I Ain’t Your Model Minority

And furthermore, I don’t intend to be.

A quick note on the word ‘Ain’t.’  My mother came from a solid, low-income, working-class, inner-city (New Haven) background.  And while she spoke well enough for the substandard education endemic to poor neighborhoods all over the U.S., she would occasionally pull out the odd ‘ain’t.’  When she used it, the tone implied a certain amount of sass and attitude, and it is in this spirit that I write.

I mean, I pass, generally, which is to say most people don’t notice me.  But no-one would ever call me pretty.  I may not always have my makeup right.  Some days, I might not wear any makeup at all.  I might not always dress appropriately – I’m still learning, I have bigger (mental health) issues to worry about, and sometimes, I don’t even care if I’m wrong.  I am starting to get an attitude problem.

I ain’t your model minority.

My boundaries are routinely ignored and disrespected in public, and I no longer have the energy to take it gracefully.  Sometimes, quite publicly and loudly, I just may respond with questions about your private anatomy, just to see if your squirming will make you see how invasive you are to me.  If I’m in a mood, I might drop an f-bomb before I have a chance to censor it.  And with the constant abuse from ignorant people, I’m in a mood a lot lately.

I ain’t your model minority.

I swear.  I drink occasionally.  I smoke marijuana regularly.  I’ve given up on trying to fit in, I’ve given up on expecting decency and respect, oh, anywhere I go.  I’ve given up on defending my existence to everyone who thinks they know more about me than I do.  I’ve developed an attitude problem.

I ain’t your model minority.  

My attitude?  I have the outrageous attitude that I shouldn’t be put on defensive everywhere I go.  I have the attitude that I should be able to expect more of people than not being killed by them.  I have the attitude that my voice is equal with all other voices, that my competency and worth did not disappear with my transition.  I have the attitude problem that says I am as good as anyone, maybe even better than most, since I don’t do to others what is commonly done to me and my trans and non-binary siblings.  I have the attitude that it shouldn’t be up to us to constantly accommodate the world’s bigotry, that we have the inalienable right to show up, stand up and speak up just as we are, and if anyone has a problem with that, it’s their problem.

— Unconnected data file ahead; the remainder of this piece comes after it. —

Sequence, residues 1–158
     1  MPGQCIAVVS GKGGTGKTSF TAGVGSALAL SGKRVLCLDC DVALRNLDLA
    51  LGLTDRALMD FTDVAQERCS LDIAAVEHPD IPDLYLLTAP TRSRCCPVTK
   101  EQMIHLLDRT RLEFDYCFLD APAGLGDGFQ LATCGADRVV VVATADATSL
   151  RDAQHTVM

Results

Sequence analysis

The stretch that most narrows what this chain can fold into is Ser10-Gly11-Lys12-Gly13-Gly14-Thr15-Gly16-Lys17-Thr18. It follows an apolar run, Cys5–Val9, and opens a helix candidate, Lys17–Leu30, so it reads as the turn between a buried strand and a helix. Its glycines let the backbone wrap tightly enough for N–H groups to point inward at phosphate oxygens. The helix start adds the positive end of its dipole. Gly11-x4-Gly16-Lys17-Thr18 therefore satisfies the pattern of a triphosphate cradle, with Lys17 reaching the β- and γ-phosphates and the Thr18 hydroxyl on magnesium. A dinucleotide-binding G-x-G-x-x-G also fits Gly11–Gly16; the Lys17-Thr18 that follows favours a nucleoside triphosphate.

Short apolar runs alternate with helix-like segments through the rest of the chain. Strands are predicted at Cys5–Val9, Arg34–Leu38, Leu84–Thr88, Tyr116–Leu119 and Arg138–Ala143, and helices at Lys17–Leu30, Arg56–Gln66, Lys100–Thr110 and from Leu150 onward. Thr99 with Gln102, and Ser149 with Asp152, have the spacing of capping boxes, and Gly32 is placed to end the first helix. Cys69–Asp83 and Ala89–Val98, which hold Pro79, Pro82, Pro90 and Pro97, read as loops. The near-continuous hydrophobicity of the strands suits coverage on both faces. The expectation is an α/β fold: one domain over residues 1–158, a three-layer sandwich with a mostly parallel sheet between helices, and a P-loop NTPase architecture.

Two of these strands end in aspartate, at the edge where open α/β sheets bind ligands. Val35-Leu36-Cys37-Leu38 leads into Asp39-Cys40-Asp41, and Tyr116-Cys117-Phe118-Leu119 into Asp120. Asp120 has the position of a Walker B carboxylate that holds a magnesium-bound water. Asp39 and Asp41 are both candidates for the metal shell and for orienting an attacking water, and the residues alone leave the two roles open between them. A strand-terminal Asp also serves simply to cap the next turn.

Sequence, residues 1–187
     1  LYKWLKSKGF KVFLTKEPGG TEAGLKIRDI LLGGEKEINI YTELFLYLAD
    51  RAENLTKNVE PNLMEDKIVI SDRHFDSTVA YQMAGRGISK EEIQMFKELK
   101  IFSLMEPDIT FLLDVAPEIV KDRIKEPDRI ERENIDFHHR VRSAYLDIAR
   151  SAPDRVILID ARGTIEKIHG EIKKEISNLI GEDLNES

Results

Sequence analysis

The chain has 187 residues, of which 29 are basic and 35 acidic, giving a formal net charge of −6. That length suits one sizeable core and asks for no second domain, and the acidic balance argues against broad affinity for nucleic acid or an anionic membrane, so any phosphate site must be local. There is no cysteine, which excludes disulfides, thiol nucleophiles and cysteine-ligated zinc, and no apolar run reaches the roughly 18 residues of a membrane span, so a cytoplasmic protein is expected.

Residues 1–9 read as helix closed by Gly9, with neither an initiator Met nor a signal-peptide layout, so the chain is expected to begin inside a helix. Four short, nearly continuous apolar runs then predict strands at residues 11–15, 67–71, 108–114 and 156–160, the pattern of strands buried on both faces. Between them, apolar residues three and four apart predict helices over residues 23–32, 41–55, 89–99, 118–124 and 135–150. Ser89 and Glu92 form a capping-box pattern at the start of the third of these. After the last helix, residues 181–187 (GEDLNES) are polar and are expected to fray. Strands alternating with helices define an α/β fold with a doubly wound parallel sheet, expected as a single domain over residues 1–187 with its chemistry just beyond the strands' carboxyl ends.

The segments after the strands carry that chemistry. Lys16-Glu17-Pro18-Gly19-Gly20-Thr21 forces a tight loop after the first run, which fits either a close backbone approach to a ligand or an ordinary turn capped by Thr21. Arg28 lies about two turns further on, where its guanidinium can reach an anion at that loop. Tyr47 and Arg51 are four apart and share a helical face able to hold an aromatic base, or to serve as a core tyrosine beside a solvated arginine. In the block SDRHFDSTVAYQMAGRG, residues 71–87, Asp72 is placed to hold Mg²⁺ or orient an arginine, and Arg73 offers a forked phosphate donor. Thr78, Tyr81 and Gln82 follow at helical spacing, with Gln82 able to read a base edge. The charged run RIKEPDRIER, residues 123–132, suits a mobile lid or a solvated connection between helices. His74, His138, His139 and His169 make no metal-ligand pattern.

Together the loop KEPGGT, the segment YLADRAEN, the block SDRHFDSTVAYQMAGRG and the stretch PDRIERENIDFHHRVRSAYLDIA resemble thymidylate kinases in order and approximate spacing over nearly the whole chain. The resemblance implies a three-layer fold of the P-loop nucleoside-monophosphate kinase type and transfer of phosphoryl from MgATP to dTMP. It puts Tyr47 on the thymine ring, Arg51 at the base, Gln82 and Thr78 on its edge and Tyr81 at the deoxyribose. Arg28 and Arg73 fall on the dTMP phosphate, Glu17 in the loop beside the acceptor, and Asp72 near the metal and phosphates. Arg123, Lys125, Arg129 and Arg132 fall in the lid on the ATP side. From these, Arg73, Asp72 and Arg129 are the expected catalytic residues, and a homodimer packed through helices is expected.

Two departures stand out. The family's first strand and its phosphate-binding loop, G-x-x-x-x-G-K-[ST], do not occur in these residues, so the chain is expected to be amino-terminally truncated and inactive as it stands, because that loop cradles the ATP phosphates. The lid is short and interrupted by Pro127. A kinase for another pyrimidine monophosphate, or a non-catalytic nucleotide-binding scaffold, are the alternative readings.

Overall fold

I haven’t worked in over two years, and I’ve given up trying.  Dealing with everybody else’s ignorance isn’t worth the effort, and it takes enough energy from me that I have little left in me to breathe, never mind work.  I definitely have an attitude problem.

I ain’t your model minority.

Sometimes I rage against the injustice, literally rage at the unfairness, at the constant expectation of little but fear, anger and pain every time I leave my house.  Sometimes, helpful statements implying that my anger is the problem only make me angrier, more depressed, darker, darker, darker.

I ain’t your model minority.  I won’t even try.

The standards are too high to meet, anyway, and the goalposts of acceptance fade further into the distance the closer we get.  I will never be perfect enough, pretty enough, never meet the level of acceptability of most people.  I’m tired of playing a rigged game.

I ain’t your model minority.

So, I’m sorry if I make you uncomfortable with my existence.  So, if you’re uncomfortable with my existence, suck it up.  I got no reason to answer to your hate, your ignorance, your self-righteous superiority.  You don’t even deserve a reply.

Either you see someone’s humanity, or you merely calculate how much society guarantees your right to put us down, any of us, by race, religion, sex, gender identity, gender expression, sexual minority, ablism, agism, etc, etc, etc.  Either you accept a person’s wholeness and self-worth, or you don’t.  Either you accept that minorities can be just as human, just as imperfect, just as capable of making mistakes – and learning from them – as the ‘master’ patriarch, or you don’t.

I ain’t your model minority.  I am not here to meet your expectations or to make you happy.  I am simply here.

I’m a tranny with a ‘tude, and I make no apologies, and I am happy to let anyone know it who gets in my way.

I ain’t your model minority.

I did not come to beg for crumbs at your feet.  I came to let you know I am here, we are here, and we have no reason to settle for anything less than full equality, and we deserve it, oh, we deserve it.  

I ain’t your model minority.  

I fight for justice and equality for all, and that makes me so much more.


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CAM (she/her)

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